industry from continuing to purchase animals from Canada or Mexico.
    With regard to costs borne by the U.S. industry, and as discussed 
in a prior response, the Agency has sought to minimize the cost to 
industry at each step of the marketing process. This final rule does 
not lessen any existing flexibility in how required country of origin 
information is currently conveyed along the supply chain. The Agency's 
goal is to enable firms to implement the requirements of this final 
rule with the least possible disruption to cost-efficient production 
methods.
Rural Economy/Miscellaneous
    Summary of Comments: Some commenters expressed concern about the 
state of the economy, particularly the rural economy, and the impact 
the rule might have regarding loss of jobs. For example, one commenter 
stated that with around 2,000 employees in a typical meat processing 
plant, it is important not to jeopardize these jobs. Another commenter 
expressed concern about the elimination of thousands of jobs in rural 
America at a time when jobs are badly needed.
    Agency Response: USDA supports strong rural economies. Through 
various programs, including USDA's Rural Development, the USDA provides 
assistance to rural communities. USDA also supports the creation of 
jobs in this industry, including through the opening of foreign markets 
for U.S. agricultural exports, including beef and pork. For example, in 
January, USDA and the United States Trade Representative announced that 
the United States and Japan have agreed on new terms and conditions 
that pave the way for expanded exports of U.S. beef and beef products 
to Japan. Under these new terms, which are now in effect, Japan now 
permits the importation of beef from cattle less than 30 months of age, 
compared to the previous limit of 20 months, among other steps. It is 
estimated that these important changes will result in hundreds of 
millions of dollars in exports of U.S. beef to Japan in the coming 
years.
    That said, the Agency recognizes that additional costs will be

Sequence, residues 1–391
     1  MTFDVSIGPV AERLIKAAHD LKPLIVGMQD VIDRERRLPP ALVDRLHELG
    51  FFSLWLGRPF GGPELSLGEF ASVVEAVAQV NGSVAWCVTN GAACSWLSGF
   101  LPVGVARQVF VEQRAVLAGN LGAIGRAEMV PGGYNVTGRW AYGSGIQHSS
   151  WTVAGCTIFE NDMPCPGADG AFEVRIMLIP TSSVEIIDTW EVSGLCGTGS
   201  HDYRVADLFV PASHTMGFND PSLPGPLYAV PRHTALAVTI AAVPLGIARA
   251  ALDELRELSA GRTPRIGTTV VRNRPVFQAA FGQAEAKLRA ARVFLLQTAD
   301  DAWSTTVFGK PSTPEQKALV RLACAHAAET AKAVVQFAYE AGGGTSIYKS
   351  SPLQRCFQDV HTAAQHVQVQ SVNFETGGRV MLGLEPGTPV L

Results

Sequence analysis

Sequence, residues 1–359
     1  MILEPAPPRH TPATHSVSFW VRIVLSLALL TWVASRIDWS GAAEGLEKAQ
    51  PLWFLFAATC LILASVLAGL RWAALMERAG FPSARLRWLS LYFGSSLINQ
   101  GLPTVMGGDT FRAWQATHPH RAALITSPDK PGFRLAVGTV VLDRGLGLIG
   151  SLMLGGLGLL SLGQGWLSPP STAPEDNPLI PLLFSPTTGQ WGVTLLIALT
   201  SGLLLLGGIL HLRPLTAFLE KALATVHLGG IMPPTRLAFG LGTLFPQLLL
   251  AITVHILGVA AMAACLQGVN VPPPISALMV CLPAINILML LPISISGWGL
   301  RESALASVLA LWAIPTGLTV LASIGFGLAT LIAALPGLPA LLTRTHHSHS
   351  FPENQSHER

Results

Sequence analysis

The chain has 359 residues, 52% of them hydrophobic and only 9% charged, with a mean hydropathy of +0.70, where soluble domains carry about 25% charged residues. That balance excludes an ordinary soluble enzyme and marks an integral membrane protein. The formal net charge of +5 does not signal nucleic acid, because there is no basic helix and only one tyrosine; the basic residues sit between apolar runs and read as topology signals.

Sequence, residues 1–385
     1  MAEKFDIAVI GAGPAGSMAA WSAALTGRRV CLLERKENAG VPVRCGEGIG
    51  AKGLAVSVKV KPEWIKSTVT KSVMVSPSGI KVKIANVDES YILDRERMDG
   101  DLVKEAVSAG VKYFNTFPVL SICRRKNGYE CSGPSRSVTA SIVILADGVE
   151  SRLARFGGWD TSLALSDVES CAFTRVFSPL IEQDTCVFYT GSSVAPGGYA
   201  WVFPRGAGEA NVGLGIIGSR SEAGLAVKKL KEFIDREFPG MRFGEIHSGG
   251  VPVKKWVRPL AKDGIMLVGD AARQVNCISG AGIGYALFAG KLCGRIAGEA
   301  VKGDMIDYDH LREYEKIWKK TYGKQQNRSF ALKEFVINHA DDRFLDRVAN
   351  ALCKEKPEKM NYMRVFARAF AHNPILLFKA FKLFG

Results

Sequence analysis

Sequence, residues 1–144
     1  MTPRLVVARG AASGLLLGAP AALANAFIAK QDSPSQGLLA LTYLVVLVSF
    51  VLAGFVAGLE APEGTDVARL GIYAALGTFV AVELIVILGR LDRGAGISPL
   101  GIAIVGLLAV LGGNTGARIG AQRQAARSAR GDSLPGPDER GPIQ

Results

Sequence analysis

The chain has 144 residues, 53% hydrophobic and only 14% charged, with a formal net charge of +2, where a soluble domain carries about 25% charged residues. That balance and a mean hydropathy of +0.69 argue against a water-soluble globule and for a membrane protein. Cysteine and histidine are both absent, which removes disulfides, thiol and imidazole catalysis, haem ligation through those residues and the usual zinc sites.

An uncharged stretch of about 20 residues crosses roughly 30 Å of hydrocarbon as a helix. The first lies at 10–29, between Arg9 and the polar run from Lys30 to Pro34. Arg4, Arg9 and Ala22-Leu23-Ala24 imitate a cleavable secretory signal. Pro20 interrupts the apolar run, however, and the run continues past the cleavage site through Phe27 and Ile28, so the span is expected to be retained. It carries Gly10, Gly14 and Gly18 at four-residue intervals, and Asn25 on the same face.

borne by industry participants as a result of this final rule. However, 
the Agency believes it is necessary to ensure label information more 
accurately reflects the origin of muscle cut covered commodities in 
accordance with the intent of the statute while complying with U.S. WTO 
obligations. At the same time, as discussed in a prior response, the 
Agency has sought to minimize the cost to industry at each step of the 
marketing process. As previously stated, the Agency's goal is to enable 
firms to implement the requirements of this final rule with the least 
possible disruption to cost-efficient production methods. This final 
rule does not lessen existing flexibility in how required country of 
origin information is currently conveyed along the supply chain.
Benefits
    Summary of Comments: Some commenters expressed their support for 
the proposed rule on the grounds that the proposed labeling 
requirements provide consumers with information they need to make 
informed choices about the source of food and how it was raised. The 
commenters stated that there is increased consumer demand to know where 
and how food is produced.
    Some commenters stated that consumer confidence benefits can accrue 
just as a result of having the information available, even if the 
consumers do not read the labels' information. In the opinion of some 
commenters, mandatory labels address concerns of market failure and 
fraudulent labeling and help investigators trace-back foodborne illness 
outbreaks. A commenter referenced a 2005 survey that found that nearly 
two-thirds of consumers (60 percent) preferred country of origin 
labeling to be administered by a government policy rather than by 
companies marketing the meat.
    Some commenters stated their belief that consumers can 
differentiate various attributes of competing products and will 
increase demand, and price, for those attributes they view favorably, 
including the perceived higher quality of meat derived from animals 
born, raised and slaughtered in one country rather than another 
country.
    Other commenters provided additional rationale and references to 
studies indicating consumers benefit from food origin information. The 
commenters noted there have been numerous polls and studies 
demonstrating that consumers value origin information regarding the 
food that they buy, including meat, including a national poll in 2007 
that found that 94 percent of those surveyed believed that consumers 
have a right to know the country of origin of the foods that they 
purchase, and 85 percent of consumers say knowing where their food 
comes from is important.
    Commenters also referenced a study showing that consumers are 
willing to pay more for a more precise, country-specific label than for 
a less precise, mixed-origin label. The commenters noted that mixed-
origin labels may be affixed to exclusively U.S. origin product due to 
the commingling flexibilities in the current program and that 
eliminating the commingling flexibility and ensuring that single-origin 
product is accurately labeled will therefore benefit consumers who 
value being able to purchase products with more precise label 
information.
    Other commenters noted that the Agency did not offer an estimate of 
any additional benefits from the proposed rule, noting only that the 
Agency had ``been unable to quantify incremental economic benefits from